Why Patreon?

As you probably know by now, I’ve decided to take the advice of several Matt Chatters and set up my own Patreon page. Patreon is still new enough to elicit more head scratching than enthusiasm at this point, but I think once you understand it, you’ll agree that it’s a better way to support folks like me than PayPal or Kickstarter. Here are my thoughts on it.

The main reason I decided to go for Patreon was the payment structure. The problem with PayPal is that you’re limited to either paying a subscription (so much per week, month, etc.) or a one-time payment. The subscriptions are great, of course, but it puts me in a position of feeling guilty if I have to take some time off. If there’s no new episode that week, you just paid for nothing. I understand that most of you folks would probably say–“So what, Matt? Enjoy!” But I still don’t feel right about it. 

Patreon, however, allows you to pay only when I release new content that I specifically label as “paid.” This maintains the pressure on me to continue to release new episodes (if I don’t–no money!), but I don’t have the dread of pissing off a subscriber if I don’t get it done on schedule.

The one-time payments from Paypal are probably the least offensive option for most people. Unfortunately, almost everyone who does that never donates again. I guess the mindset is, “I paid him $50, that’s enough for here to eternity!” I always appreciate, of course, these awesome gifts, but they simply aren’t a sustainable way to produce the show. I’d prefer, actually, for that person to do the $1 or $5 per episode deal instead; that way, I’d have a steady flow of income for quite awhile, and hopefully by the time I’d collected the $50, the person would simply let it continue. At any rate, I’d have a much better way to plan my spending and make sure I don’t blow my budget.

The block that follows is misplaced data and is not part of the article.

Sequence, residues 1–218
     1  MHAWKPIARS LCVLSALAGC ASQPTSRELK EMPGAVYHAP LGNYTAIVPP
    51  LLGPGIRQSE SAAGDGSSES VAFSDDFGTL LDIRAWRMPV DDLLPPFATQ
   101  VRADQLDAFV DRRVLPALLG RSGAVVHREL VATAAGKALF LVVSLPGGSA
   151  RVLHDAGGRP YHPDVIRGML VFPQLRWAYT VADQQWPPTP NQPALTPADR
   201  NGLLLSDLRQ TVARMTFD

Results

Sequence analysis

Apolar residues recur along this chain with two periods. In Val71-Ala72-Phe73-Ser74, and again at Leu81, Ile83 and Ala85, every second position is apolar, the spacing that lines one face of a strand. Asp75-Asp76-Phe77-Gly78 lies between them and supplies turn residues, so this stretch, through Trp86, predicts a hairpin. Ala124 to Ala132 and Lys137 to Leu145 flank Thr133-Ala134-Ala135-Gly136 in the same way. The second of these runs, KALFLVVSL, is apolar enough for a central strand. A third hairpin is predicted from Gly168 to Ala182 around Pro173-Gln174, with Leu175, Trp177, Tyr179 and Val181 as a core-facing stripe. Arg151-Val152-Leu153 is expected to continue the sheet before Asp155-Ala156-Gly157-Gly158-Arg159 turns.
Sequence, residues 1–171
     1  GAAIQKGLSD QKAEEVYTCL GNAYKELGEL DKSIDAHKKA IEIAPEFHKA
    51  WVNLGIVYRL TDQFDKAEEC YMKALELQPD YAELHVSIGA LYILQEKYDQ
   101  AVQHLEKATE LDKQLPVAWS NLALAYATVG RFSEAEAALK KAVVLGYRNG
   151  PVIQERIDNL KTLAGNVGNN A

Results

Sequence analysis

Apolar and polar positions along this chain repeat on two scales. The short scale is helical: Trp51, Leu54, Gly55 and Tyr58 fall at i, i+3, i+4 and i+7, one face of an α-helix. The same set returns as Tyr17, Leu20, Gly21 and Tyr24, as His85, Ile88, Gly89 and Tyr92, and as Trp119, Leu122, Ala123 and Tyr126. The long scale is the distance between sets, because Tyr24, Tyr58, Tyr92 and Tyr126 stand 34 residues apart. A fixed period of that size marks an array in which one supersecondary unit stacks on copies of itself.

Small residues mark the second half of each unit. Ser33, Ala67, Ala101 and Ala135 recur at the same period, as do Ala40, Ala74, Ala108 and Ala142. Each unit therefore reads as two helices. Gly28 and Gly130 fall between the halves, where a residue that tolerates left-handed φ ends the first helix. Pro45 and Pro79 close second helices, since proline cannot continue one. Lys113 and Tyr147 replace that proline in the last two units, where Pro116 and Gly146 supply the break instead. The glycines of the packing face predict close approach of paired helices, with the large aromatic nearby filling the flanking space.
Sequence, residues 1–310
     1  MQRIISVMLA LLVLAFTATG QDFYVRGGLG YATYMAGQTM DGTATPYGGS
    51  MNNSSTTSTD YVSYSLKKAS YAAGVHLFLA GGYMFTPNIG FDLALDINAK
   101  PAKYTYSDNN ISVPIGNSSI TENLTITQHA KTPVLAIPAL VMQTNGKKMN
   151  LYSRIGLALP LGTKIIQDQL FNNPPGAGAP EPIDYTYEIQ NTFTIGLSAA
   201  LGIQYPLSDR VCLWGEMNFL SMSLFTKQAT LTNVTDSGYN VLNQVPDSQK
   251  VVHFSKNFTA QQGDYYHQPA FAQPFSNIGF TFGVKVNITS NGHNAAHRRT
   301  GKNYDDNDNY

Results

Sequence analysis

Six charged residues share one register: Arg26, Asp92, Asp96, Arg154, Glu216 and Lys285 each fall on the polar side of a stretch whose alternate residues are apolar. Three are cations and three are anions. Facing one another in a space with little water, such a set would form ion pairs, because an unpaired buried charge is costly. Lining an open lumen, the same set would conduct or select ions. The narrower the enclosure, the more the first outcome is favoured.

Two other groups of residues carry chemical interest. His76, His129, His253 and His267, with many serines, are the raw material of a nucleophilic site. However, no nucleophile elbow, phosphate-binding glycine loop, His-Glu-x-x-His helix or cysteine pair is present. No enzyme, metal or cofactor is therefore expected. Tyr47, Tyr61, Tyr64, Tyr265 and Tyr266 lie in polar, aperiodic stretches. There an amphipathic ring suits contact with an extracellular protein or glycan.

Another great thing about Patreon is they take a much smaller cut than Paypal. If you give me a $1 through Paypal, I usually get sixty-seven cents. Paypal takes out a full thirty-three cents (33%) for their fees! Patreon, on the other hand, only takes out 8%. I don’t know anyone who wants to support Paypal; you just want to support the content creator. So I think this fact alone is enough reason for you to switch to Patreon!

Finally, Patreon is simply a more fun way to handle all this. There’s more of a community feeling to the site, like Kickstarter. You can see all the other patrons and interact with everyone on the pages. Thus, you can let others know you’re a true supporter, though you can also remain anonymous if you prefer. I can also set up funding goals and rewards for folks. In short, I just don’t see a downside.

So, if you’re currently supporting me through PayPal, consider switching over to Patreon. It won’t cost you anything extra, and both of us will get better benefits. If you’re not currently supporting me, now’s a good chance to climb aboard. For only a buck per show, you’ll be supporting a rather excellent show and its humble, only slightly nutty producer!







12 thoughts on “Why Patreon?

  1. RuThaN

    Better than Paypal.. but this is realy not solution your money problem. Problem is small audienc, not way to pay (at least not primary).

    – I would like to pay for your Dungeon and desktops book update (i dont care that i will pay price of new book for new 50 pages.. its worthy), because is deeply.
    – I would like to pay for some deep gamasutra like game design article or some market analysis stuff, but unfornutely.. you dont creating such articles (BTW i do, i have more views on niche non english local market).